Courtesy Reuters

THE economists and theorists of all Socialist schools of thought agree in the denunciation of capitalist competition and of its laissez-faire apologists. But behind this unanimity in denunciation can be discerned wide differences in approach and argument, differences which finally come into the open when any Socialist school tries to look beyond capitalist society and to answer the question whether Socialism itself is compatible with any form of competition. The different answers given to this question reflect broader differences between the various visions and conceptions of Socialism.

Perhaps the most crucial theoretical controversy over this subject took place between Marx and Proudhon more than a century ago. Proudhon saw Socialism essentially as a "free association" of small property owners, of independent producers owning their means of production. It was natural for him to envisage the economic activity of such a society in terms of competition. The evil of capitalism, Proudhon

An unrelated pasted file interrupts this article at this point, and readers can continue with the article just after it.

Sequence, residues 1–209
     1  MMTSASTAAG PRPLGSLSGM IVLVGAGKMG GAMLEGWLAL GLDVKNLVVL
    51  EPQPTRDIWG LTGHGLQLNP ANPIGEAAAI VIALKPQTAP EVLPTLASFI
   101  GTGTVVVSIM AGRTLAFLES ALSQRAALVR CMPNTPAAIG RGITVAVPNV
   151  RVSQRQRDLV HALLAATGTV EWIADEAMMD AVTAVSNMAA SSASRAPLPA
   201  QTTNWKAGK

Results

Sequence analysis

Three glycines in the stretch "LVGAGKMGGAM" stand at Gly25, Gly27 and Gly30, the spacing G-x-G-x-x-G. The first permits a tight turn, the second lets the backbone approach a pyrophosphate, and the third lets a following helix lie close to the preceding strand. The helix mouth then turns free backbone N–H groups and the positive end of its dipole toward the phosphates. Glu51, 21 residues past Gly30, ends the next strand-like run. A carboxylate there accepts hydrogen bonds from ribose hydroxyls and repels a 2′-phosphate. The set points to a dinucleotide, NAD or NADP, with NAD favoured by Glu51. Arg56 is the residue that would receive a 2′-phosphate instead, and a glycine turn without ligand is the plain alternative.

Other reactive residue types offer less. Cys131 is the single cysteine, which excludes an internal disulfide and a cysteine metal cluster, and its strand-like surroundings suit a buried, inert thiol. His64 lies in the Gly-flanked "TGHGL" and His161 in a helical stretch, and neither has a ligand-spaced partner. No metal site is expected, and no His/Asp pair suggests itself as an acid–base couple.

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  • ISAAC DEUTSCHER, author of "Stalin, a Political Biography" and "Soviet Trade Unions;" formerly on the staff of The Economist and The Observer, London
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